The Sixth Council met in Detroit, MI on November 9-14, 1980. “ORTHODOXY, AMERICA AND THE FUTURE” had been chosen as the council theme. This theme was selected in an effort to discern the meaning of the Orthodox Church in America’s autocephaly that had been granted ten years earlier. In contemplating this issue, the council issued a call for administrative unity among all the Orthodox in North America. The council theme pervaded all of its deliberations. As if to underscore the missionary implications of the theme, representatives of the Evangelical Orthodox Church (EOC) were present at the council as observers and interesting informal dialogue took place with them. A large group of EOC clergy and laity did in fact convert to Orthodoxy some years later.
The issue of admitting women as delegates at All-American Councils, which had been debated but always voted down at several previous councils, was brought to the fore once again. This time, the council approved a Statute amendment making this possible.
In further action on Statute revision, the council changed the frequency of convocation of the All-American Councils from two to three years.
The format of the council was an enhanced version of the innovative format of the Third Council. At this council, in addition to the usual plenary sessions, there were three types of sectional meetings: hearings, commissions and committees. These workshop/seminars produced numerous resolutions covering virtually all areas of Church life. Additionally, a youth forum and consultation as well as a conference on women in the Church were held just prior to the council’s official opening.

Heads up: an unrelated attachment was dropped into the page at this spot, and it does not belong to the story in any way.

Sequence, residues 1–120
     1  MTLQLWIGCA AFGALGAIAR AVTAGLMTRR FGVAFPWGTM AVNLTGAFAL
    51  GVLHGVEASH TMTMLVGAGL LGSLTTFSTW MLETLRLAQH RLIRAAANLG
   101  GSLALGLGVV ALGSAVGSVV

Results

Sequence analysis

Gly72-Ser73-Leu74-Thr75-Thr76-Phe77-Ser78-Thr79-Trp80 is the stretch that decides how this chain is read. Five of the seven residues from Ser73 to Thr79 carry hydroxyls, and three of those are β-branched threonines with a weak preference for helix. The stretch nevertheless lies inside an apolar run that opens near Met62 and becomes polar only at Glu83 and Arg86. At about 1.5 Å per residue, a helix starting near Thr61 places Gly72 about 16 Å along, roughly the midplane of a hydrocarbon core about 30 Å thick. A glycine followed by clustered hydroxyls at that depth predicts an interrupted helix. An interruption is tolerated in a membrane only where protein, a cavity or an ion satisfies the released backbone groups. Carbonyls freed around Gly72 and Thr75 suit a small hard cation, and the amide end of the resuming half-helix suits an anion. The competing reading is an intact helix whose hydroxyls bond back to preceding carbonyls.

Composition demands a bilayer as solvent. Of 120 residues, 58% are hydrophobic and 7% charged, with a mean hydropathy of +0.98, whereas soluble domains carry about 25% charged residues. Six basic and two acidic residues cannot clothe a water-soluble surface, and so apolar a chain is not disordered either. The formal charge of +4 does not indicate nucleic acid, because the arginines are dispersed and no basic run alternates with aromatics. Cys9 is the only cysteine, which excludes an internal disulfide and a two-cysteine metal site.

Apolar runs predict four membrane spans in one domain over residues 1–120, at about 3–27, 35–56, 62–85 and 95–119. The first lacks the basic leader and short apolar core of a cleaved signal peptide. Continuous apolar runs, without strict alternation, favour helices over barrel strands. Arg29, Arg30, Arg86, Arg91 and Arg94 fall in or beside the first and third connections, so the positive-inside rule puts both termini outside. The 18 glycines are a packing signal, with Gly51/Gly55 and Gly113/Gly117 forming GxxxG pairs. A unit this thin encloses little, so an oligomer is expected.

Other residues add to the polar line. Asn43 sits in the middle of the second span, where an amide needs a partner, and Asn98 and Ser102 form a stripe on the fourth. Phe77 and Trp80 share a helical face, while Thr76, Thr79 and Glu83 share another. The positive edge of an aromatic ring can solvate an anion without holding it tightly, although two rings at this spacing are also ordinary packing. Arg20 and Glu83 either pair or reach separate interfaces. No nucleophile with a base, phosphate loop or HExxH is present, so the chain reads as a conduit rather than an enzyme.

In addressing the issues facing society, the council adopted resolutions on human rights and against abortion and euthanasia. Other council statements decried the portrayal of violence and sexuality in the media. An especially moving matter that the council addressed was the accusation of being a Nazi war criminal brought against Archbishop VALERIAN (Trifa), head of the Romanian Diocese of the Orthodox Church in America. The council wholeheartedly rebuffed this allegation and expressed full support for Archbishop VALERIAN.
At the council, it was announced by the Holy Synod of Bishops that a new Diocese of Washington, DC had been created that would begin functioning in 1981 and that the nation’s capital city would become the see of the Primate of the Orthodox Church in America. This council also joyfully heralded the creation of the new missionary Diocese of the South that had been established by the Holy Synod in 1978.
The Sixth Council is important in several ways: its forward-looking theme permeated council proceedings and sought to advance the issue of church unity, the admittance of women as delegates at future councils, the change in the frequency of future councils, the resolutions on social issues, the innovation in council format, the concern for youth and the creation of new dioceses. All of this clearly shows steady progress in the continuing maturation of the Church in faithfulness to her mission and in witness to Christ.
Written by Alexis Liberovsky
OCA Archivist, Director of the Department of History and Archives.